I have no idea who I am or how to even start this article. It has never been something that I thought about until I began to consider what I wanted to do after College, which triggered a wave of existentialism. I can’t truly say I know who I am or who I want to be. Now that I find myself firmly in my 20s, the question seemed a lot easier to answer when I was younger. Up until a certain point, we tend to largely be defined by school or perhaps the hobbies that we spend most of our time doing, but the hole left by a lack of external validation seems to have been filled by existential dread.
If you had asked me who I was five years ago, I would rattle off something along the lines of “My name is Emma and I am seventeen years old and I go to this school.” But despite what some people would like to think, going to a particular college is not a personality trait. This seemingly simple question becomes much harder to answer when you get older, and rather the realities of looming adulthood begin to kick in. As someone who defined themselves by their academics, being dropped into a big pond as a little fish where I was no longer one of the strongest swimmers was a shock. Everyone in my degree is brilliant, curious, and intelligent. If we were all smart and passionate about the same things, then how was I now to carve out my own individual identity?
The notion of loving and finding yourself is now a popular one on social media. There are thousands of videos, quotes and instructions on how to fall in love with yourself, and how to be the very best version of you. There are some genuinely good pieces of advice floating around on the internet, yet plenty of it does seem to just be marketing attempting to encourage you to buy the latest skincare product, or perhaps that new It Girl lipstick. In a sea of aesthetic day in the life videos and pretty quotes in cursive, I have found a few tips to be particularly helpful.
Go to Therapy
Everyone should go to therapy at least once. It can be uncomfortable and scary, and takes a very long time to make progress, but it is so worth it. Not just for the fact that we are in a mental health crisis as a society, but being forced to talk about nothing but yourself — what makes you tick and what makes you sad, angry and confused — can be very helpful for understanding yourself. As well as being hugely beneficial for your mental health, you improve your communication and emotional skills, which are imperative for adulthood. You can learn so much about yourself and why you are the way you are.
The Little Book of Things You Like (About Yourself)
Even though we must be careful not to fall into the trap of identifying solely with materialistic things and a carefully curated aesthetic, it can be helpful to write down a long list of things that you love and that bring you joy. A list of things that you like about yourself (your sense of humour, your hair colour) can help foster a sense of self love, which is much needed to develop a sense of self. Personally, I have a range of things on my list that bring me joy from the charity shop wine glasses that I collect to the compliments that I’ve been told that made me glow. No matter how big or small the things on your list may seem, it can be helpful to look back on it on the days that you’re not sure of anything about yourself.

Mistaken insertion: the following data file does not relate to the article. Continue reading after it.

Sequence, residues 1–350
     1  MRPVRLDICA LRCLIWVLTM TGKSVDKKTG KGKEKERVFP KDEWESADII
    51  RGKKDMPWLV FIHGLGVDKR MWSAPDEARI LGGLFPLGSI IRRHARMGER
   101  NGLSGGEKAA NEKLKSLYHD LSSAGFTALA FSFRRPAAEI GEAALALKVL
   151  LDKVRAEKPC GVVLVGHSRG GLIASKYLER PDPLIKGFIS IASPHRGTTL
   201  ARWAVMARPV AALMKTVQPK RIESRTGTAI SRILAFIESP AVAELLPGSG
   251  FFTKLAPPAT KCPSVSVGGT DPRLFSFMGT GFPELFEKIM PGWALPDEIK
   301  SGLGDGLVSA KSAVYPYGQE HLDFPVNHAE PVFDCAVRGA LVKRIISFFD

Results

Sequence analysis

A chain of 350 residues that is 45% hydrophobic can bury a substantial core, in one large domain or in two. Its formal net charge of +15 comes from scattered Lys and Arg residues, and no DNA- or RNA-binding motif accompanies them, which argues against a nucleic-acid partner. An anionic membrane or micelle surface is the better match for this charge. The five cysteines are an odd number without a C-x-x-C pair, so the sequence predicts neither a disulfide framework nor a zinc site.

The internet is an all-encompassing and overstimulating abyss which can be helpful to take a break from. Unplugging for ten minutes to simply sit with ourselves can help to restore a sense of inner calm and to focus some time on ourselves. The internet can certainly serve as a source of inspiration, but it can also reach a point where you begin to doom scroll and compare yourself to the people and images that are portrayed online. You are real but most of what you see online is not, and taking some time out from the ever-constant presence that the internet is in our lives can help us to remember this.
Journaling is another thing that has seemed to explode in popularity in the last number of years. I have habitually journaled for most of my life, and it remains one of the best ways I have found to vent my frustrations and to bring myself clarity on a situation. It can be so helpful to look back and see how much you have grown, as well as recognise patterns within yourself which can teach you about your own personal emotional style.
Allowing time to cultivate your identity in your 20s is probably the most important thing you can do. Adulthood is still very new to most of us and with that comes changing emotions as well as a huge change in day-to-day life with college and/or leaving home. It is a confusing time for everyone and you might not feel like the same person you were in your teens. The process of finding your place in the world and within yourself is not an easy or instant one, therefore taking the time you need and being patient with yourself is crucial as you navigate this new and sometimes daunting world.